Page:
Exploring the Lusitania: Probing the Mysteries of the Sinking That Changed History, by Robert D. Ballard & Spencer Dunmore

My Copy: 9780446518512 (image from amazon.com)

My favorite scientist and geek in the world (non-fiction) has to be Dr. Robert D. Ballard. It’s been that way since I was a kid and learned about underwater exploration, and naturally, his expeditions to the Titanic. I’d learned all I could about that disaster and looked at the pictures, watched the documentaries and even joined the Titanic Historical Society.

Huh–maybe I should re-join, but I’d need to save some serious money to drop it on a membership–I still have some of their old publications.

So, when I found this book on the Lusitania, one of the few rivals Titanic had for service in the transatlantic shipping lanes, I had to read it.

Besides, I always like reading about things that usually only get 2 sentences in the history textbook at school.

Well, the Lusitania was a very popular passenger liner, the sister ship of the Mauretania (which was 5 feet longer). As World War I ramped up and the shipping lanes became more hazardous, some ships left the service to become troop transports (like Mauretania). Others, like Lusitania, kept on their original destinies as passenger ships…but because of the changing rules of warfare, that didn’t guarantee safety. In fact, the Germans were determined to tell people “travel at your own risk:”

Anyway, May 1915 comes and Lusitania is on the way to her death, in spite of warnings like the one above, reported anonymous warnings given to certain passengers not to board the ship, and a captain very much set in his ways with a cruise line behind him overly confident in their ship.

Exploring the Lusitania is a bit different from other ones I’ve read by Dr. Ballard, probably because the wreck had been discovered and re-discovered over the decades since the war, long before he went down to it. This is not a book about how they found it–fishermen had been snagging their nets on the wreck for so long and it sank within sight of the Irish coast; many eyewitnesses saw the explosion and saw her go down.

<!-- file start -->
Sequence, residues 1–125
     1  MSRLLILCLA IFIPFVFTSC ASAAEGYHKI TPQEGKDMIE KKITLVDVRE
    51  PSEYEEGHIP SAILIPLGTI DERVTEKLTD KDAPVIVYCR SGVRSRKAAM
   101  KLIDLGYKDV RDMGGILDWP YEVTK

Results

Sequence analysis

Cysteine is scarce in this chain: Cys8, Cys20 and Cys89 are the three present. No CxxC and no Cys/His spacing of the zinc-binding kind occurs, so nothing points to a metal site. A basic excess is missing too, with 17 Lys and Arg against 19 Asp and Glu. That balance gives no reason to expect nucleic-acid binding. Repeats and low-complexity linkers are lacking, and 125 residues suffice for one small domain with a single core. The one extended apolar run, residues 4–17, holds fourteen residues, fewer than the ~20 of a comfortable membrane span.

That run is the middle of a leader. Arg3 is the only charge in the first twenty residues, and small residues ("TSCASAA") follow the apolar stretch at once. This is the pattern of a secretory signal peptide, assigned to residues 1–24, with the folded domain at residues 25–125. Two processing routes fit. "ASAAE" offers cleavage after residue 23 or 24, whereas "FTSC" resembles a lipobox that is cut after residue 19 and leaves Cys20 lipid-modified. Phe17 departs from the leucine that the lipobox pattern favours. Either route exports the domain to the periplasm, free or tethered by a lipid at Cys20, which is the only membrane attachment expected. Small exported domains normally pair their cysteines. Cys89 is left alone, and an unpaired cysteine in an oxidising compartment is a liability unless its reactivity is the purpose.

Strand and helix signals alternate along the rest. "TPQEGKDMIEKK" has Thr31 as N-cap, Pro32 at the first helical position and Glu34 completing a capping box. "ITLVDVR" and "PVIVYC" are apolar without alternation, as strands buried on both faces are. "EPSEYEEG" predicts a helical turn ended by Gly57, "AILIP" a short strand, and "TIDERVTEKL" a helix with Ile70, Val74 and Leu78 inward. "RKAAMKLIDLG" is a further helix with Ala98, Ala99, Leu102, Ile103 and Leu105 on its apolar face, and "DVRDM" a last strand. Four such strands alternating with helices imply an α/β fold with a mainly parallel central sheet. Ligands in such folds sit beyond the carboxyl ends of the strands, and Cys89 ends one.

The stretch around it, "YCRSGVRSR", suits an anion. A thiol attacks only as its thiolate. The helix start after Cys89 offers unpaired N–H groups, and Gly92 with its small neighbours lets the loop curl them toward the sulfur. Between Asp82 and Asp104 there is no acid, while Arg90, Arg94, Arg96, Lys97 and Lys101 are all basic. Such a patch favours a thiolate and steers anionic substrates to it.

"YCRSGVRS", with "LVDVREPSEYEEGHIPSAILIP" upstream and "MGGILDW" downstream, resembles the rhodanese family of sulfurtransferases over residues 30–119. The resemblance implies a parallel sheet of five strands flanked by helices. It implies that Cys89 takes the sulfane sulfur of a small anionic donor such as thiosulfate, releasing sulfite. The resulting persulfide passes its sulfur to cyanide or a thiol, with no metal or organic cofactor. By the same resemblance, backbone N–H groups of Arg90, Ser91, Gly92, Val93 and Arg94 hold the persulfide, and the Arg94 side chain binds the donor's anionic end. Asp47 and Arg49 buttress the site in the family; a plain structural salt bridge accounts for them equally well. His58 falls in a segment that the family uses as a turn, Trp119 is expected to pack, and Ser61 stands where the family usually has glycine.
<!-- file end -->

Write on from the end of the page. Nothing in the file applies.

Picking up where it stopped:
This book is not a “first discovery” book like most others from Ballard. What is interesting is the amount of material about the past that is contained in the pages. I’m used to seeing a 50/50 shot of past and present material regarding the ship and exploration.

However, this book spends maybe 75% of its pages on the Lusitania’s era. Ballard and Dunmore fill the pages with passenger recollections, some history of the hearings and testimony, the routine and days before on board the I-20 submarine that sank it, and several photos of the Lusitania’s interior. That last bit is not so surprising, perhaps, because unlike Titanic, the ship made over 200 crossings and spent many years on the seas before succumbing to them. Plenty of time for pictures.

Exploring the Lusitania also tackles the controversies: the propaganda surrounding the loss of innocent civilian lives, and what made the second explosion happen (and why it was so powerful the ship went down in less than half an hour). I think the scientists that made a hypothesis about coal dust were on the right track–feel free to read, though, and draw your own conclusions.

This is a time capsule in book form, a dose of past and present to help further our understanding of a sinking that–like Titanic’s–went far beyond the moment and the lives on board.

This’ll be a staple on my bookshelf, probably forever.

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